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Meet Charlie, the special new arrival turning heads in Mettingham

PUBLISHED: 07:30 08 April 2016

Charlie, the Suffolk Punch foal in a field with his mother, Trinity Bea.  PHOTO: Nick Butcher

Charlie, the Suffolk Punch foal in a field with his mother, Trinity Bea. PHOTO: Nick Butcher

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A new arrival on a Mettingham farm has caused quite a stir.

A Mettingham farm has welcomed a special new arrival - Charlie the Suffolk Punch foal. PHOTO: Nick ButcherA Mettingham farm has welcomed a special new arrival - Charlie the Suffolk Punch foal. PHOTO: Nick Butcher

Charlie is believed to be the first Suffolk Punch foal to be born in the village in 100 years, and is one of only a handful to be born in the whole of Suffolk.

Suffolk Punches are critically endangered as a breed, with only 27 born in the whole country last year - which makes Charlie’s arrival all the more special for owners John and Jayne Groom

His mother Trinity Bea came to Mettingham in 2014, after being bought by the Grooms, along with another Suffolk Punch called Gifford.

They hope breeding the mare will help take Suffolk Punches back to their pre-war glory days.

Mrs Groom said: “So many Suffolks got taken to pull gun carriages during the First World War, when they came back farmers urgently needed horses again.

“But they weren’t bothered what they crossed them with, so a lot of horses have got a bit of white in them from Shires.”

Since then, the breeding programme for Suffolks has become much more strict, and any foals born with a white facial marking are not then used for breeding. It is hoped that in this way, pure-bred Suffolk numbers will increase.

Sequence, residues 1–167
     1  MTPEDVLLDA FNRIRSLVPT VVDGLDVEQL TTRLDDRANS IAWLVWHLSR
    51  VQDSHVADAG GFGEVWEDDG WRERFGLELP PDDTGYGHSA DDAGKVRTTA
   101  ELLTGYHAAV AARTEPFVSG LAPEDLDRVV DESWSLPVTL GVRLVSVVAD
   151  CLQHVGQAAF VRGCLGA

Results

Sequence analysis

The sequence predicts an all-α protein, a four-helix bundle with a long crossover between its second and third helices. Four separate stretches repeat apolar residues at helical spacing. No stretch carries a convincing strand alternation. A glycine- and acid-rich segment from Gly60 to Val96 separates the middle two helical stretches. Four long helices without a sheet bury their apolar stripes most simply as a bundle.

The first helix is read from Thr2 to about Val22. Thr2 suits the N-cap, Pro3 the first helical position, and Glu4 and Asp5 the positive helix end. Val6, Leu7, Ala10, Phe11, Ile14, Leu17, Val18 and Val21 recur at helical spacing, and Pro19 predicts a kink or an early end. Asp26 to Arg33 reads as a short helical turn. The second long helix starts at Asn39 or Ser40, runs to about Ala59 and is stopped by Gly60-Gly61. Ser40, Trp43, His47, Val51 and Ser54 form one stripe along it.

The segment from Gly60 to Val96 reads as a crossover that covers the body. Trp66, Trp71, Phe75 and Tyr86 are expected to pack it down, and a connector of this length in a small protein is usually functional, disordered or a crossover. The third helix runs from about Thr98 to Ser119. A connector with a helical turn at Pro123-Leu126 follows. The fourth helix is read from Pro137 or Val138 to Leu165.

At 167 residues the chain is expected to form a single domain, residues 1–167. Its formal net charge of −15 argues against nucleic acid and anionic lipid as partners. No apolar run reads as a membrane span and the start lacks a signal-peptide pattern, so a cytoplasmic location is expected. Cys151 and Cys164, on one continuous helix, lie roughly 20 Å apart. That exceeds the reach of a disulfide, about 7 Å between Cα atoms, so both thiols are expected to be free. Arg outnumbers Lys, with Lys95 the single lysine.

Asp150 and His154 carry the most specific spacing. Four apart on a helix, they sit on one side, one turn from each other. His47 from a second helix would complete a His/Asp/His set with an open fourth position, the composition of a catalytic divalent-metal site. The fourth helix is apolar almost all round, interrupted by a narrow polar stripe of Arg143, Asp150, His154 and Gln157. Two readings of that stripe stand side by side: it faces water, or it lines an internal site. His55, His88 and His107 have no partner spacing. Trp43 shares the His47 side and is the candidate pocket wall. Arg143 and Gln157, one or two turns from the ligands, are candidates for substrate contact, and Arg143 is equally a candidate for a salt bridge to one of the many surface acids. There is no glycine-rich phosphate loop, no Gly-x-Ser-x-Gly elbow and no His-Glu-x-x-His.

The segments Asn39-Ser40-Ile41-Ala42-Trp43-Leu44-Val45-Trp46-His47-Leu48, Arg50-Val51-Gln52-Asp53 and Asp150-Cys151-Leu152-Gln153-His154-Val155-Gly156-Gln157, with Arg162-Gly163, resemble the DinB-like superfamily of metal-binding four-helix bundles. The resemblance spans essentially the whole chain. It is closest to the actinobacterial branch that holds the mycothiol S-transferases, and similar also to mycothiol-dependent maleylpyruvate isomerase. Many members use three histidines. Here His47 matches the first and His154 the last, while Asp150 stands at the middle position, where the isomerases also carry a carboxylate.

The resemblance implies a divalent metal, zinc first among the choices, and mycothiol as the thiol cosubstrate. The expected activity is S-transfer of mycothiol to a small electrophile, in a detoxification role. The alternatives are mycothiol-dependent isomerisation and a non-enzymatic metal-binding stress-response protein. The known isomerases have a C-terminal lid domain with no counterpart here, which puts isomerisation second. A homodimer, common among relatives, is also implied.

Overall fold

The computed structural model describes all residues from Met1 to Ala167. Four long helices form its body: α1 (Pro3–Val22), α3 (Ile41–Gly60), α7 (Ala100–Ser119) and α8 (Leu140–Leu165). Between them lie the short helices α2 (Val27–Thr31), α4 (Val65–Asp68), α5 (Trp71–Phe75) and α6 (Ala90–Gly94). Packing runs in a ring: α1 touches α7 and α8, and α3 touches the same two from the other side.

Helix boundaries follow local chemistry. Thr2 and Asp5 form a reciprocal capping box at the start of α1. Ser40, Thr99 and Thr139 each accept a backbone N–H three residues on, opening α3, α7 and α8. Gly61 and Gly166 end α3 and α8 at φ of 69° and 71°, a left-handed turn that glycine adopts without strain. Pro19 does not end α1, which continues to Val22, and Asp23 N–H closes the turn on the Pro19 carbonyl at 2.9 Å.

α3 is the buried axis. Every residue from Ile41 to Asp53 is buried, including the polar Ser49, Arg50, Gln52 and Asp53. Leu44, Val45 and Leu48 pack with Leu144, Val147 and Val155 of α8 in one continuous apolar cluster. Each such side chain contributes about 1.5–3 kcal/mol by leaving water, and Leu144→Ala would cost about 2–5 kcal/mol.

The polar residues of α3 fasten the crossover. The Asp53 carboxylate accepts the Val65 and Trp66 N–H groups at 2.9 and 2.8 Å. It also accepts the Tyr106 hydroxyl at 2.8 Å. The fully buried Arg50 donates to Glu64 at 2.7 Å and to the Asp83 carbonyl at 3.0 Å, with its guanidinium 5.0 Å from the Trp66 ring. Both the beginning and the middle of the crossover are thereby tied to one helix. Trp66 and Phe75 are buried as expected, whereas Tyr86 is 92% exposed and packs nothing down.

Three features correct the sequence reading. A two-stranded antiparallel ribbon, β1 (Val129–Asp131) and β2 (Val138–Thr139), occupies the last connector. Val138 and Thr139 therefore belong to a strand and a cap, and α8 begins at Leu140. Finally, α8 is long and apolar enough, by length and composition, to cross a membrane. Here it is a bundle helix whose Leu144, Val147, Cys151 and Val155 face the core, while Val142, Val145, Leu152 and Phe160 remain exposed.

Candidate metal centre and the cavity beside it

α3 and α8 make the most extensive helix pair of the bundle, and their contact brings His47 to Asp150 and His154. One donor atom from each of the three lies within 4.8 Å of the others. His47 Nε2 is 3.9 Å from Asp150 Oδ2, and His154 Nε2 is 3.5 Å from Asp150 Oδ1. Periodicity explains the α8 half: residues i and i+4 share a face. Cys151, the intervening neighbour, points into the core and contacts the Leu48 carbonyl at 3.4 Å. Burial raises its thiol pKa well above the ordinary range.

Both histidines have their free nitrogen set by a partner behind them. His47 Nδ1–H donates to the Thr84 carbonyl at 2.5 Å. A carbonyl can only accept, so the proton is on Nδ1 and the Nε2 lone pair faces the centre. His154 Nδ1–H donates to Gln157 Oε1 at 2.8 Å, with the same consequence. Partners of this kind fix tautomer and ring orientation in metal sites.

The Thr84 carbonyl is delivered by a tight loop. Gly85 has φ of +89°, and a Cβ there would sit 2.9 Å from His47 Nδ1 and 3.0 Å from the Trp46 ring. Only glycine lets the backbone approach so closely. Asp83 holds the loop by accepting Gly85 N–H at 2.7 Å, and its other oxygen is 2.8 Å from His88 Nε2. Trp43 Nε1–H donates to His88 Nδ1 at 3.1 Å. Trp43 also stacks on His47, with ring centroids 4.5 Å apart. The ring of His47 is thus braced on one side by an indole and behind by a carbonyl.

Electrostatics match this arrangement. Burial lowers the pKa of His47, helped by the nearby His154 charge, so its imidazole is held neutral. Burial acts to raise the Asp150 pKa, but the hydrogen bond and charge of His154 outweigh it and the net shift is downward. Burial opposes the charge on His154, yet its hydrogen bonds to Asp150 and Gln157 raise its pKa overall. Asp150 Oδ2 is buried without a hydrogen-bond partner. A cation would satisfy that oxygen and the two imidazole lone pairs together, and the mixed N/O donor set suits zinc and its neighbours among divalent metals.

Charlie, who has no tell-tale signs of any Shire blood, came into the world last month, helped along by Mrs Groom and some of her neighbouring farmers.

And he will make his public debut at the Norfolk and Suffolk shows later this year, under the watchful eye of protective mum Trinity Bea.

And while the couple hope little Charlie will do them proud on the show circuit, they are not under too much pressure.

Mrs Groom said: “We just want him to be a nice horse really, pull a cart and maybe a plough eventually, that’s what they were used for.

“They are a lovely breed and an endangered species, they need to be looked after and cherished. Suffolk is their home.”

But until the show season kicks off, Charlie is finding his feet on the farm, enjoying plenty of treats and visitors, including his namesake, Charles Aldred, a friend of the couple.

Suffolk stallion leader Mr Aldred, now in his nineties, has worked with horses his whole life, and has already given the foal his seal of approval

Mrs Groom said: “What Charlie doesn’t know about horses isn’t worth knowing.”

Have you welcomed a special new arrival on your farm? Email polly.grice@archant.co.uk

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